Researchers also showed that excessive rewards and the showering of attention can hinder the creative process. Torrance creativity studies with children showed those who worked without evaluation or critical judgment created pictures and works of art that were far more creative and striking than those who underwent review, judgment and were compared to each other using a scoring system.


They discovered that when the children were left to their own imagination, without encouragement, they did their best, compared to when it was appraised. This mirrors the concept of quantum physics, where observation ruins the outcome of quantum experiments, where allowing the experiment to "run itself" on its own without excess outside interference results in the best outcome.


Another study showed that people were told to create art that was going to judged by artists. The other group was told nothing at all, but to just freely create on their own. At the end of the study, the group that was told nothing had significantly more creative work, than the group that underwent judgment of their work, and who tried to live up to the expectations of the judges and reviewers. This proves that allowing yourself to be yourself when on a journey of creativity can make a big difference in the final outcome.


Researcher Amabile showed that professionally creative people who earn a consistent living by creating works of art or innovative solutions, become so skilled by what they do, that they are able to consciously block out the lure of reward, and excessive praise or the influence of critical public opinion. Their intrinsic interest is so strong that that it means rewards and incentives do not affect their creative works while they are creating it.


In conclusion, highly creative people deserve admiration because the spirit that motivates them produces an easier life for us all. Even we ourselves do tasks just for the sheer joy of discovering a scrap of fresh insight or a better way to perform an ordinary routine task.


The Conscious Mind and Creativity


Artists express their creativity as a "I don't use logical thought before painting, rather the masterpiece creates itself following my chain of mobile thoughts". It is the unconscious mind that governs our accustomed automatic behavior. This is how we can set the breakfast table without tripping over the sleeping dog without the conscious mind paying any attention to the minor details. Cognitive researchers call this "Over-learning" or "Automation". As we showed earlier, Inventors, researchers and artists make their breakthroughs only after intense effort. Than forgetting about it. The solution than re-emerges in a simple and straight forward answer. This can sometimes be triggered by an sudden interruption, which happened to the poet Coleridge, who while sleeping one night was dreaming of a poem consisting of 200 to 300 words in length. He then woke up and wrote 54 lines of his poem. He was suddenly startled, by a pounding on the door, by a person on business.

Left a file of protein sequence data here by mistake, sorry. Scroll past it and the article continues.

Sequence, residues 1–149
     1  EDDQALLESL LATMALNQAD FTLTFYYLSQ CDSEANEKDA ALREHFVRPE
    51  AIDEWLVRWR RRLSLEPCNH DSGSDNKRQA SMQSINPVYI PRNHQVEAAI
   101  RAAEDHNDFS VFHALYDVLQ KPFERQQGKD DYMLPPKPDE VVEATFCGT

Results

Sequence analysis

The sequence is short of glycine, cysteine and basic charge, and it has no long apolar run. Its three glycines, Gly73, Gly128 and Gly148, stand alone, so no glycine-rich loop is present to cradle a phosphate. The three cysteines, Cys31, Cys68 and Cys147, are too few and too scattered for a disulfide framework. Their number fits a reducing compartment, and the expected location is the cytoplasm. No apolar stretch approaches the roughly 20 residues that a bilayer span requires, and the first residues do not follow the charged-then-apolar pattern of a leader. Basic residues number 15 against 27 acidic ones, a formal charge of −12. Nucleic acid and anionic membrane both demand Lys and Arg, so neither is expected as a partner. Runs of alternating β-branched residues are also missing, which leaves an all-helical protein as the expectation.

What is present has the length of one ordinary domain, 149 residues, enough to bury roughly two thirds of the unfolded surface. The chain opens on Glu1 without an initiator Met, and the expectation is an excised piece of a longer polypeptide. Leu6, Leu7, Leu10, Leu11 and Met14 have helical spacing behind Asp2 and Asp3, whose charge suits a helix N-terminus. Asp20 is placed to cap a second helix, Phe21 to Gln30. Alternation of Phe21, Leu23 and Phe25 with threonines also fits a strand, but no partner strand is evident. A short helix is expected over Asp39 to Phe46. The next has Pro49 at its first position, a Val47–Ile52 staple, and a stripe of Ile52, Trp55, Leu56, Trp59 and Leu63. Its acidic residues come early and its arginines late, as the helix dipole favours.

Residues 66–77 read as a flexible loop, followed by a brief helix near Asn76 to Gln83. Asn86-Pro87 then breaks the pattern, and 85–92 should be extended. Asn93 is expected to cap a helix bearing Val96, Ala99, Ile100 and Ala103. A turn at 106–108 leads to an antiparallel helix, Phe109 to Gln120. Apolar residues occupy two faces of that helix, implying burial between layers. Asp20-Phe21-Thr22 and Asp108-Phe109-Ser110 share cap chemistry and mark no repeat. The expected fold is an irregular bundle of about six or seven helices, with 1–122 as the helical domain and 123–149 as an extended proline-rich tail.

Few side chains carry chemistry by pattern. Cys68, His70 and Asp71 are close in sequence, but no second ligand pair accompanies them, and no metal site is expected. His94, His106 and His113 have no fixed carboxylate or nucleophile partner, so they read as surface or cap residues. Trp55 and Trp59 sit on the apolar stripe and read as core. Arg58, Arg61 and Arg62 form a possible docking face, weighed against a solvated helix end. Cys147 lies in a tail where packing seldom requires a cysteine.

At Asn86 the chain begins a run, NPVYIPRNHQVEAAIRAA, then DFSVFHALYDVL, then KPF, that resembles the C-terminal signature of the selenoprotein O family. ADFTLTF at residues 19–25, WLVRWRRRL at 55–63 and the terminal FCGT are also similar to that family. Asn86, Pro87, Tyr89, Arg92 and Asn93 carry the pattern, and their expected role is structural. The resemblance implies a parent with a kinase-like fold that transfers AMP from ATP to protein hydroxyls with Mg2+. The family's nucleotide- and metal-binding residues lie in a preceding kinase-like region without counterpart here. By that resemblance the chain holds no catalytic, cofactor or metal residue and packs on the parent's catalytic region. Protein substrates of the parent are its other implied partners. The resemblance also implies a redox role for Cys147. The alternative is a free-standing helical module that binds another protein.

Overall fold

After tending to the business he started to continue to write out the rest of the poem, but could not recall the approximate additional 150 additional lines. Had the interruption not occurred, he never would have wrote one of the finest pieces in all of English Romantic Poetry, which still survives to this day and was written in 1797. Perhaps it was the 2 events that triggered such a powerful creative work. The person on business was heading to his residence while Coleridge was in the middle of dreaming the poem. These 2 events on their way to meeting each other create the final work of creativity, perhaps showing that true creativity needs the work of 2 opposing forces.


Experts in a profession such as Airline Pilots, Jugglers and typists who perform these tasks and routines with relative ease, don't rely on conscious thinking to do their work, they are operating on automation.

It is only in the learning process, or educational period that our conscious intentions activate the necessary sensor motor schemas in our subconscious mind which become the detailed sub routines that make complex automated tasks look so easy to the rest of us. Routine tasks such as driving or dressing are not given an afterthought because we know the exact steps to achieve the outcome.


The Types of Creativity


True innovative creativity should not be confused with contracted forms of artistry. Any person can create a statute of Mozart or Verdi, and be admired for making it. However it is the event or original creator who was the real pioneer of the creative work that generated the original idea or process that was than copied by others. Mozart for example who is the true genius in this form of art, was a pioneer.

The artists who created the statute of him, were probably contracted out or paid to make the statute. Most likely the artist was inspired by Mozart, much like Mozart was also inspired to create his masterpieces of music. His breakthroughs came about by sheer effort and much work, something a price could never be put upon. His works are now eternal and will live on forever.


Leonardo Da Vinci is another example of a person with original ideas, who was creating and publishing his ideas them without financial motive, much like a clown or street artist earn their best money when performing for the sheer joy and satisfaction it brings.


Behind every genius, there is always something that inspires them. Mozart pioneered new styles and composition of music without being specially paid for each piece.


So in conclusion, high levels of creativity can be learned and experienced only when we put forth the effort and persevere at it. This is the true spark that lights the fire of creativity from within. This than makes life simpler and smoother for the next generation to enjoy until the next person takes on the challenge and improves upon it.






Contact Information
Scott Rauvers
CO/The Mightyz Company 
4233 SE 182nd Ave, 
Gresham, OR 97030


Phone: (503) 333-4109